Telescope Tracks 35 Million Galaxies In Dark Energy Hunt

A super telescope has begun the most detailed survey of the Universe ever undertaken.

The aim of the five-year programme is to shed light on Dark Energy – the mysterious force thought to drive an accelerated expansion of the Universe.

The instrument effectively contains 5,000 mini-telescopes. Each one can image a galaxy every 20 minutes.

In just one year scientists will have surveyed more galaxies than all the other telescopes in the world combined.

What is Dark Energy?

The Big Bang theory of the creation of the Universe originally predicted that its expansion would slow down, and that it would possibly begin to contract as a result of the pull of gravity.

However, in 1998, astronomers were shocked to discover that not only was the Universe continuing to expand, but that this expansion was also accelerating.

The most widely held view is that something is counteracting the pull of gravity – and that something has been termed Dark Energy.

It has been calculated that Dark Energy makes up most of the Universe. Indeed, the atoms that build planets, stars and galaxies probably account for just 5%.

Prof Ofer Lahav, from University College London, is taking part in the project. He said scientists still knew next to nothing about Dark Energy 20 years after its discovery.

“The nature of Dark Energy, and what it is, may well lead to a revolution in physics – the whole of physics!”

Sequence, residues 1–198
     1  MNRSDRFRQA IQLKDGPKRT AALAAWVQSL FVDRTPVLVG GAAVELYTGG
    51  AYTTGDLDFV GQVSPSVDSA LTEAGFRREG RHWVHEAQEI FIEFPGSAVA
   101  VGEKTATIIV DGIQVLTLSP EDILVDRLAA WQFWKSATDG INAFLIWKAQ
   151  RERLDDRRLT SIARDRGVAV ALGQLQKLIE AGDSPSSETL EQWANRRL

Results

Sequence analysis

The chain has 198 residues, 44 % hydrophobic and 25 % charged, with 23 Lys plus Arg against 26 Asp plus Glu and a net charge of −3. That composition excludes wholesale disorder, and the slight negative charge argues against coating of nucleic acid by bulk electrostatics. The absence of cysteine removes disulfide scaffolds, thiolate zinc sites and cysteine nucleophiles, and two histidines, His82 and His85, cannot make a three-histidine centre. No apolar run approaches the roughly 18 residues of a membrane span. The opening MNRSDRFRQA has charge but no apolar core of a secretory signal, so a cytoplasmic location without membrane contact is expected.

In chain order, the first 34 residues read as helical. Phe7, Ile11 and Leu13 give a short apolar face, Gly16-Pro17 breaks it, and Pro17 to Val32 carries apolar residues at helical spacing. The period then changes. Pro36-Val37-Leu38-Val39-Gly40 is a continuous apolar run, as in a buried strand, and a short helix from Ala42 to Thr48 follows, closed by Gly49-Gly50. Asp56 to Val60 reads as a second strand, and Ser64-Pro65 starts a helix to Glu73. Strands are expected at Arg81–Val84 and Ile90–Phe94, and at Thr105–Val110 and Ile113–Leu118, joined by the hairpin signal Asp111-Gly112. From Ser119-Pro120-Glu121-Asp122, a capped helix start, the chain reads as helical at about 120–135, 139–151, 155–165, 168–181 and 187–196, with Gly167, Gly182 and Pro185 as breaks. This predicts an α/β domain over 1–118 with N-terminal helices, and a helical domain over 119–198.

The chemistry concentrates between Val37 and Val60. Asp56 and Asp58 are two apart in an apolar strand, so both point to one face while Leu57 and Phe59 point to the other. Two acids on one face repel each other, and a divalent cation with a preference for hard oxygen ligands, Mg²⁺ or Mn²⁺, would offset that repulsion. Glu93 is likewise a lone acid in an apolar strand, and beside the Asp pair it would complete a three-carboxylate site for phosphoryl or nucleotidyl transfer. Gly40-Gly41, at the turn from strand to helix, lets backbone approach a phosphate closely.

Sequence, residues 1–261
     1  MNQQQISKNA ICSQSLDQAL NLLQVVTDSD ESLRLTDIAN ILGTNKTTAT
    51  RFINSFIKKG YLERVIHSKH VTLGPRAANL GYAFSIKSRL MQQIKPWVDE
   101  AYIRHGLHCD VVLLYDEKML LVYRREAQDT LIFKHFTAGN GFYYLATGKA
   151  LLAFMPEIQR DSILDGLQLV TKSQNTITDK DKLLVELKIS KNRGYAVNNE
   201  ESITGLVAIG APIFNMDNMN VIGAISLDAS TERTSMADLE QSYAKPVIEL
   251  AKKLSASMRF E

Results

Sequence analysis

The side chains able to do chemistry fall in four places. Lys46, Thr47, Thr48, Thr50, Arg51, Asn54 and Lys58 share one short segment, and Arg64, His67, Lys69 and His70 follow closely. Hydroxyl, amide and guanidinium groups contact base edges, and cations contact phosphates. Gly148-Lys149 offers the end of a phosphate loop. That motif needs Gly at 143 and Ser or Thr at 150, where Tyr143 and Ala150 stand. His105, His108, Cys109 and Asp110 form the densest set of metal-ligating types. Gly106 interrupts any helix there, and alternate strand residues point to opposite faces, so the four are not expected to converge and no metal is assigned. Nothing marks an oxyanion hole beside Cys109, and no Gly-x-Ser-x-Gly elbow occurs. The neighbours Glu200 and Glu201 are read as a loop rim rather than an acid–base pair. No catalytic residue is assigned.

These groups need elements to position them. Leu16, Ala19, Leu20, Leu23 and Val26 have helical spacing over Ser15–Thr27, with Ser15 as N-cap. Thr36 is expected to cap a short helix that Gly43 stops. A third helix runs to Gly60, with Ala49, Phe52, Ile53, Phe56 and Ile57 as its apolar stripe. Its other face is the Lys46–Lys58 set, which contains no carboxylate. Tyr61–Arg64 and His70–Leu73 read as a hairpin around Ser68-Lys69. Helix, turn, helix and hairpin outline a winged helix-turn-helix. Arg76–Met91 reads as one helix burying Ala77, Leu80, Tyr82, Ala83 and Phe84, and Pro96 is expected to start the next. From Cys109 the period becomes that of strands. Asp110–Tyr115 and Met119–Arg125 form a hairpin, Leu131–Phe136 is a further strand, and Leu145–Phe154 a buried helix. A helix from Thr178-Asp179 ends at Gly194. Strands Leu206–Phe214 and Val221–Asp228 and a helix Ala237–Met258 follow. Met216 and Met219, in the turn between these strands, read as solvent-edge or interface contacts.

What will the new project examine?

An international team of researchers will use a device called the Dark Energy Spectroscopic Instrument (DESI). It has been retrofitted on to the 4m Mayall telescope at the Kitt Peak observatory in Arizona, US.

Inside DESI are 5,000 optical fibres, each acting as a mini-telescope. This enables the instrument to capture light from 5,000 different galaxies simultaneously, precisely to map their distance from Earth, and gauge how much the Universe expanded as this light travelled to Earth.

The team has drawn on previous surveys to create a guide map of the Universe from which 35 million galaxies will be selected as targets for DESI.

How does Dark Energy push the Universe apart?

The key seems to be a force called vacuum pressure which is caused by fluctuations in the fabric of space-time at a sub-atomic level.

Calculations suggest that this vacuum pressure should be an unimaginably larger number (1 with 120 zeroes after it) than the force astronomers actually see pushing galaxies apart.

One possibility is that the vacuum pressure was much, much larger in the early Universe and now has dwindled to its current level.

But could the answer lie elsewhere?

Another possibility is that the current theory of gravity is incomplete. Unlike other fundamental forces, it does not have an opposite force – akin to the positive and negative charges of electricity.

DESI is able to test the current theory of gravity, developed by Albert Einstein more than 100 years ago, in unprecedented detail because it can see so far back into the past.

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